Don’t give unwanted food to the hungry – just throw it away!

Tesco - Every little helps... but won't help anyone who needs it

Tesco – Every little helps… but won’t help anyone who needs it

Tesco are throwing away huge amounts of unwanted food.  They have revealed their food waste figures, revealing that 68% of salad to be sold in bags is thrown out.  They also confessed that 40% of apples were wasted, and just under half of bakery items.  A quarter of grapes are wasted between the vine and the fruit bowl and a fifth of all bananas are unused – with customers throwing one in 10 in the bin.

So, what does Tesco plan to do about this appalling waste?  Are they going to give food to homeless people, day centres, or night shelters, people who could really use the produce?  No:  they’re going to change their packaging, remove “display until” dates from fresh fruit and vegetables, and tell their in-store bakeries to “aim for better stock control and less waste.”

This is nothing new.  Years ago I lived in a series of squats, and it was standard practice to go to supermarkets and rifle through the skips round the back.  We usually found loads of produce that had been thrown away because it had reached its “best before” dates.  Obviously, some “out of date” food can’t be used: dairy products, for instance, go off quickly, and it doesn’t take long for fresh vegetables to stop being “fresh”.  But there were usually lots of stuff that was still okay.  Pies and pasties, pizzas, oven meals, some of the fruit, yogurts, mousses, dented cans – one time I found 20 cans of beer in a Leo’s (now Cooperative) skip.  A couple of mates were arrested on their way back home from the skip with loads of defrosting frozen chickens, and Leo’s actually wanted them to be prosecuted.  Claiming that the chickens should be considered to be worth the amount they would have sold for if they hadn’t been chucked!  So my mates were charged; but they pleaded not guilty and elected for trial by jury – ie at Crown Court.  A cunning strategy: when their case came up the judge dismissed all charges, furious that the court’s time (and his golf-playing time) was being wasted to prosecute people for stealing garbage!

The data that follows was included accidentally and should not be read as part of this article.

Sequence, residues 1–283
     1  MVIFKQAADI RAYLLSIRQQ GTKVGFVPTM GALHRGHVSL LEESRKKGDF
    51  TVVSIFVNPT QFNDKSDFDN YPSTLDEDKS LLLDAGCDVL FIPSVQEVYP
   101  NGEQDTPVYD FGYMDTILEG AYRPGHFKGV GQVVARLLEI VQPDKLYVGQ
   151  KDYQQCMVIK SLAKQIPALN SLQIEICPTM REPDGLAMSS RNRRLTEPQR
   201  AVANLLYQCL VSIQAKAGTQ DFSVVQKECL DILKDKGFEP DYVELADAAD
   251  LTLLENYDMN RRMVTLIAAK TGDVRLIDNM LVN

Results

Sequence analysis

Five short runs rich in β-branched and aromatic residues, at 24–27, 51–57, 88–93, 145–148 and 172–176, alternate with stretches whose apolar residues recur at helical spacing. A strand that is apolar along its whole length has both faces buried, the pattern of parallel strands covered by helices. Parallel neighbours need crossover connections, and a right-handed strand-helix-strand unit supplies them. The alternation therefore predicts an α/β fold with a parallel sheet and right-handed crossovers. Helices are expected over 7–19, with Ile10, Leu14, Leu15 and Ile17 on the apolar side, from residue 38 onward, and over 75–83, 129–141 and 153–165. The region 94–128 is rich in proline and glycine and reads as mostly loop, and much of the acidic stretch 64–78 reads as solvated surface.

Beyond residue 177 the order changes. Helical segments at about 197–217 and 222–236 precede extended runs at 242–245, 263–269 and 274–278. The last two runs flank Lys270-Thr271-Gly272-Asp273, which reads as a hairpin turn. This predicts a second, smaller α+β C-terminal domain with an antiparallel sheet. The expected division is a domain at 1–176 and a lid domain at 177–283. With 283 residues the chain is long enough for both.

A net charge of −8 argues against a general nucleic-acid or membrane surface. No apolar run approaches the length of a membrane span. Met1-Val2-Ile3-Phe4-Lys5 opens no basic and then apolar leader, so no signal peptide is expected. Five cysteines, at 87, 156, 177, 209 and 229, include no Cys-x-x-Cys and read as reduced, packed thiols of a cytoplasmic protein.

This made Leo’s very unhappy.  They were determined to stop us from stealing their unwanted produce, and actually had a big cage erected to secure their skips.  But the cage had a big gap, to allow the skips’ lids to be raised, and it didn’t take us long to figure out how to get in and out of the cages, still taking bagfuls of perfectly good food.  Finally, Leo’s staff cut open all packaging going into the skip then pouring bleach over everything.  A local day centre for the homeless and vulnerable heard about it all, and they asked Leo’s if they could have the food rather than it being taken away to use as land-fill.  The supermarket management replied that they wouldn’t give away any of it but that the day centre could buy it!

It seems no supermarket wants to give away their waste, not where I lived anyway.  I think Marks & Spencer gave some stuff to the day centre;  but their skips always contained a bonanza of “rubbish”, and if staff saw anyone in the bins they would send out uniformed goons to chase us off.

So, why are the supermarkets so mean about this?  I know some skip-raiders leave a mess, but my mates and I never did.  And there were occasions when I’d find someone else had left a mess and I’d tidy up before I left.  But supermarkets put up high fences and lock the gates to keep out the skip-raiders, and of course nowadays in our surveillance state they have CCTV cameras covering the skip areas.  I’m glad I don’t have to rely on skips any more, but there are more needy people nowadays and with benefit cuts and the recession and all they rely on salvage and scavenging more than I ever did.

I understand that some people hate the poor and think it’s an affront if a beggar asks them for “spare change”.  But I find it hard to get my head round the fact that people don’t want anyone to take their unwanted garbage.  If you don’t want something and have thrown it in the bin so it will be taken away for land-fill, why would you go out of your way to keep it safe from the hungry poor?  Seriously, if you are one of the selfish brigade, please explain your rationale in Comments.  I’d really like to see what people have to say on this matter.

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